ABCA13 cytogenetic lesion and rare coding variants in families with Schizophrenia, bipolar disorder and major depression

Regulatory mechanisms of risk variants and potential biological pathways

Example study: GRIK4 glutamate ionotropic kainite receptor 4 subunit

A deletion within the 3' untranslated region of the GRIK4 gene was identified as a protective factor for bipolar disorder. RNA secondary structure analysis in conjunction with evidence of increased relative mRNA abundance of the protective deletion allele suggested that this common variant may have a functional impact through differential mRNA stability. Using immunohistochemistry, GRIK4/KA1 protein expression was characterized in key regions of human brain and a genotype/protein expression correlation study indicated that KA1 expression was significantly increased in subjects carrying the protective allele. Expression patterns of KA1/GRIK4 support that three biological processes -adult hippocampal neurogenesis, HPA axis/stress activation and plasticity processes affecting neuronal circuitry- may putatively underlie this protective disease effect.

GRIK4/KA1 expression in the granular cell layer and molecular layer of the dentate gyrus, hilus, and CA4 field of the human hippocampus

Bioinformatics investigation of genomic features providing evidence that disease risk SNPs may have functional non-coding effects

Genome wide case-control association studies and population/pedigree next generation re-sequencing studies frequently give rise to results implicating regions or single nucleotide polymorphisms (SNPs) which are not in coding regions of genes, (i.e. they are intronic or intergenic) but are potentially associated/linked with a trait or disease. How do we interpret these non-coding signals? And how do we tell if common SNPs are directly contributing to a phenotype or are merely associated through being near a causative variant (synthetic association)? One method currently used is to examine whether the variants are located within or/and directly disrupt regulatory elements and thus could have a functional non-coding effect. This involves bioinformatic data mining of functional genomic datasets for regulatory features such DNA methylation, transcription factor binding, histone marks and open chromatin markers.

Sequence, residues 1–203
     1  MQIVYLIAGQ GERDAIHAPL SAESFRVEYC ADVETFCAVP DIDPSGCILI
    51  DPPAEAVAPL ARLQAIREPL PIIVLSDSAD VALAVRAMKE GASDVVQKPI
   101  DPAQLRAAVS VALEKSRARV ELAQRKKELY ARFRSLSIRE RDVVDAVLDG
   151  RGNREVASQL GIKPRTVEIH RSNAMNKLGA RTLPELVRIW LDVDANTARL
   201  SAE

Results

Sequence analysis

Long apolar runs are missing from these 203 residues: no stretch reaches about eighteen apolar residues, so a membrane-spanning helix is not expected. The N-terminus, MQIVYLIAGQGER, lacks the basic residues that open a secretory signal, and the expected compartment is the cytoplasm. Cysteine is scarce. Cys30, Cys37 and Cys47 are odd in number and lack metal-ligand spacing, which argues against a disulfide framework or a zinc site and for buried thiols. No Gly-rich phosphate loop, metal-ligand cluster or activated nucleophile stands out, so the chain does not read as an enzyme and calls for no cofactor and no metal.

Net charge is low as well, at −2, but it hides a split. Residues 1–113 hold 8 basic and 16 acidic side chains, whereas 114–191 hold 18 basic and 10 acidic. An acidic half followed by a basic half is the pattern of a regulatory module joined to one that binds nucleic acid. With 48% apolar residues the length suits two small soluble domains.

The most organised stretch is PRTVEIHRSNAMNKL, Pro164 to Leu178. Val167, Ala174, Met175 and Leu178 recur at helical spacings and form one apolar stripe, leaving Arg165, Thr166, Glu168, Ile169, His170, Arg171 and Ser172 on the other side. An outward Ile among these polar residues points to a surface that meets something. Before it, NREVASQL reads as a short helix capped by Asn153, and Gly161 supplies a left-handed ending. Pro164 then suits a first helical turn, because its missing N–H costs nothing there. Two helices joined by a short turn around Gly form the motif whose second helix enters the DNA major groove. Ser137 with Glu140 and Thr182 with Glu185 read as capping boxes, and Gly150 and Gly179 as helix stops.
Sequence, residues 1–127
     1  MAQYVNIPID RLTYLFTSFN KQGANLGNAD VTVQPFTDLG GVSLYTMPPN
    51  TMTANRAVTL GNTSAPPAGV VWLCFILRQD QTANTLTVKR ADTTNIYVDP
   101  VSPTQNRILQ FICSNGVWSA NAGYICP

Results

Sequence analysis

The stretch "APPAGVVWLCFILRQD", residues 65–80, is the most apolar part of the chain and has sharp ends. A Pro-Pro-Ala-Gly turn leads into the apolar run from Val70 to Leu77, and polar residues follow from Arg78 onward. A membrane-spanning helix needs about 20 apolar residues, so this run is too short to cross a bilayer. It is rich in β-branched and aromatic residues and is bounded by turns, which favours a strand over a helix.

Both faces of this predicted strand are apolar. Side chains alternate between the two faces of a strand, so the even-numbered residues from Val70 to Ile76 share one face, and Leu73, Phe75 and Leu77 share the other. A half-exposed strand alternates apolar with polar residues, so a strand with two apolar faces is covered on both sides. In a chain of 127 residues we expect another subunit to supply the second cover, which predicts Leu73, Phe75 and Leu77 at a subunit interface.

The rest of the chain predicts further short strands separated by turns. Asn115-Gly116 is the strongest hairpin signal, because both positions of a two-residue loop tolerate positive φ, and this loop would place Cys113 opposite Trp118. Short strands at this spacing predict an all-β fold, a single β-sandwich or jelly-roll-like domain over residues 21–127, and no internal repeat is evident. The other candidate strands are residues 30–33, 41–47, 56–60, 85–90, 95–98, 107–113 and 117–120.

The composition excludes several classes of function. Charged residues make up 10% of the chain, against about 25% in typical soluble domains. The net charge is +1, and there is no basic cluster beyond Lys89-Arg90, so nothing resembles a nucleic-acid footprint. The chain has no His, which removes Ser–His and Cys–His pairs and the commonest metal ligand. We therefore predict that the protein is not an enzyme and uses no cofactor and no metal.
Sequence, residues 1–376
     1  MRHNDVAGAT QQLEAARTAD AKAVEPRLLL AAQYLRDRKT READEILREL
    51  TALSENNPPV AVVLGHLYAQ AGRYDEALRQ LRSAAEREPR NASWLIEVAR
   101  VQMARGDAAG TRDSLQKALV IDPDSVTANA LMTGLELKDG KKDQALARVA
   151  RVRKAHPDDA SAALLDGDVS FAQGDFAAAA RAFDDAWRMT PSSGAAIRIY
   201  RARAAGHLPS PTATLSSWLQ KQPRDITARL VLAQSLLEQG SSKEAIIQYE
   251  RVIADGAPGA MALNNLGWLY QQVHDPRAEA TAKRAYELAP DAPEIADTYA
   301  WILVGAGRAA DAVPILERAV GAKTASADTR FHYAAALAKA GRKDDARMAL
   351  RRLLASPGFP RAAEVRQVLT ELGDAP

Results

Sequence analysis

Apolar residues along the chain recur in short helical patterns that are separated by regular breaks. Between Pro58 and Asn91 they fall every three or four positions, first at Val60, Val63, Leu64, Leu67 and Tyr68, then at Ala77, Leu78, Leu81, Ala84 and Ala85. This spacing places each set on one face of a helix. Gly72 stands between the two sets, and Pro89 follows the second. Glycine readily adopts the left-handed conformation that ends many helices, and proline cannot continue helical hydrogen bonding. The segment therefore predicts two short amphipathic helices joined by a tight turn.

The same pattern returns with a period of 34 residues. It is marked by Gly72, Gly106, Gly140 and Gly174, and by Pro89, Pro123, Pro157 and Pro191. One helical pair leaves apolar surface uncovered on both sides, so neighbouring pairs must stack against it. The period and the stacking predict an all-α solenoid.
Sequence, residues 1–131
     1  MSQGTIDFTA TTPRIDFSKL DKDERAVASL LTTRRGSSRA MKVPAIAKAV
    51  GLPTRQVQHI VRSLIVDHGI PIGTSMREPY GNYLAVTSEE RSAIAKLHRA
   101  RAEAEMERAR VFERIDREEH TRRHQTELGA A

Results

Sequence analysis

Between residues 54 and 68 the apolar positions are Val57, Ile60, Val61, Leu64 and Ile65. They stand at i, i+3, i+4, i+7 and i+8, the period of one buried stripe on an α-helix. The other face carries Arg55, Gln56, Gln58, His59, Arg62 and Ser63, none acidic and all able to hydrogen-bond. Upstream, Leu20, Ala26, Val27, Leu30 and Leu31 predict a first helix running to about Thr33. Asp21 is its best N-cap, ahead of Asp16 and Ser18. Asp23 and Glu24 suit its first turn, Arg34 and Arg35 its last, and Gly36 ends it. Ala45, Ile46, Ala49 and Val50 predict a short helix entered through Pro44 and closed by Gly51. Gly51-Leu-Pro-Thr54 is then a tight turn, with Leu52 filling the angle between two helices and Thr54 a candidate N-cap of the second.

SNPs associated with Alzheimer's disease and changes in cognitive ability located within the APOE and TOMM40 locus are indicated to have functional non-coding effects

Biomarkers for early Alzheimer's disease and cognitive decline through cohort/population studies

  • Molecular and cognitive biomarkers for early dementia, cognitive decline and psychiatric disease endophenotypes.
  • Epidemiology studies of cohorts to examine environmental factors which may contribute to risk or be protective (buffer) individuals from developing conditions.
  • Population studies which include assessment of attitudes to biomedical research and early disease markers.

Biomarkers of the early stages of brain disorders such as Alzheimer's disease

Future Research

To understand the relationship between genotype and neurological phenotypes and to investigate genetic, epigenetic and environmental factors which confer risk for, or buffer, the development of brain conditions.

School of Life Sciences

University of Nottingham
Medical School
Queen's Medical Centre
Nottingham NG7 2UH